“It has been a memorable session”, said a prominent delegate as he shook hands with President Mani at the conclusion of the two-day meet. In more ways than one, it was.
For the first time in the 10 year existence of the All-India Newspaper Editors’ Conference, five of the senior most members failed to be returned as members of the Standing Committee. They were ex-President K. Srinivasan of Hindu (Madras) and CR Srinivasan of Swadeshmitran (Madras), Goenka of the “Express” chain, JN Sawhney of Press News Features and Mr Johnson of Statesman.
It was a painful surprise. But the surprise was not without its meaning. The much respected Srinivasans would not have lost but for their association with illegal reversal of the Bombay Special Session Resolutions (calling for active protest against the Constitutional Amendment abridging Freedom of Speech) in last year’s Standing Committee. The election results having done the necessary job of registering the Conference’s protest, Mr Mani did the only right thing in the circumstances, viz. nominating the Big Fallen Five on the Standing Committee.
Guruji wires Ansari
“If is for that same great cause for which you are working that your life is necessary; so I appeal to you to relinquish your fast,” says Sri Guruji in a telegram sent to Shri Riaz Ansari, a prominent Muslim social worker of Gorakhpur, UP who is fasting since September 1, for getting cow-slaughter banned throughout UP as also for the return to the Hindus of Ram Janma Bhoomi at Ayodhya. While commencing his fast Shri Ansair had requested Muslim legislators and ministers of UP to do the right thing in both the matters if they were really nationalist Muslims.
Inaugurating the session Vice-President Radhakrishnan struck the right note by testifying to the good standards of Bharati press Dr Keshar’s address was a prepared affair with its intriguing dichotomy of the “majority press” and the “minority Press”.
The judge no less than the jury (unanimously) held that the matter published was “objectionable”—not “guilty”—but since the evidence adduced and apology published did not suggest bad faith, no action was called for. “If this is a ground calling for the censure of the jury as”…………………………”I fear it is not very far from contempt of court.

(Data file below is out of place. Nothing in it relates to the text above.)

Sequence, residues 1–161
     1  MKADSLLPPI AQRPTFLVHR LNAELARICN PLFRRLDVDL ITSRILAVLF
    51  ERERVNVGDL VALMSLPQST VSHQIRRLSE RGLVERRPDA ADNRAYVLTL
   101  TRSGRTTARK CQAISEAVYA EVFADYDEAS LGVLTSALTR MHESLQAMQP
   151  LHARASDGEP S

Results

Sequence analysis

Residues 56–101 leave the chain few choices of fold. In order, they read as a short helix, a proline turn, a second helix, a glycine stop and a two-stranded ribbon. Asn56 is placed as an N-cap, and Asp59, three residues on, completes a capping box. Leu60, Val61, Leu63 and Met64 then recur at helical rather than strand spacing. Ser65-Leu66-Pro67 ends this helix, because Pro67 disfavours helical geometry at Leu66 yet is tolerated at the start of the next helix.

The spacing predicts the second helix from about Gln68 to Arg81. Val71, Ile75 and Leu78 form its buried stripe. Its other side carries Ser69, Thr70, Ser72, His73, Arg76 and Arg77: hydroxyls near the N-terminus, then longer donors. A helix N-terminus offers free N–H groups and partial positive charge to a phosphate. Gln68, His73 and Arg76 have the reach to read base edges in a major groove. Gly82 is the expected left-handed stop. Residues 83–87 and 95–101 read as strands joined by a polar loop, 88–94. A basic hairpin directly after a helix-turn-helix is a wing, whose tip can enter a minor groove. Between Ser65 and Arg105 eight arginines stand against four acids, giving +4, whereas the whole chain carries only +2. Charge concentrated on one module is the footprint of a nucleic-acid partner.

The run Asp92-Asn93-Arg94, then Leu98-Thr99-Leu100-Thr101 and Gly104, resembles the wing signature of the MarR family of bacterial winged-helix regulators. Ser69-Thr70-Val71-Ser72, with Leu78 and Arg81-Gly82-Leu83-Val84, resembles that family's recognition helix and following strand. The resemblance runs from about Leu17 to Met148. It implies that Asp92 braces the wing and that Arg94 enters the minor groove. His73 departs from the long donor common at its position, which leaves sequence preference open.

Three of the resolutions passed at the conference had a more than journalistic interest.
The first of these was the acceptance of Hindi as the official language of the Conference, along with English. This would not only enable delegates to address the Conference in Hindi but would require the publication of agenda, proceeding and other reports etc in Hindi also.
The other related to accreditation of correspondents. Considering the fact that only accredited correspondents have access to news sources, arbitrary denial of accreditation amounts to a sabotage of the freedom of the press. The central Advisory Committee which exercises discretion in the matter has therefore, been a major grievance of the capital’s Journalists.
An even more significant resolution called upon the Government to distribute its advertisements to papers regardless of their political policy.
Taking advantage of this weakness of the press, the Government is known to patronise its friends by giving advertisements and punish its political adversaries by with holding the same. A Madras English weekly with a claimed circulation (uncertified by any competent agency) of 5,000 receives Government advertisements, but not Organiser, with its certified circulation of over 10,000. Even more glaring instances of bribe—and –blackmail were forthcoming from West Bengal.
Whether the Government would do much or quickly about reforming this state of affairs may be too good to hope. But that conservative A-I.N.E.C should adopt these resolutions is a measure of their truth and the strength of their demand. It should help A-I.N.E.C become a truer representative of the press.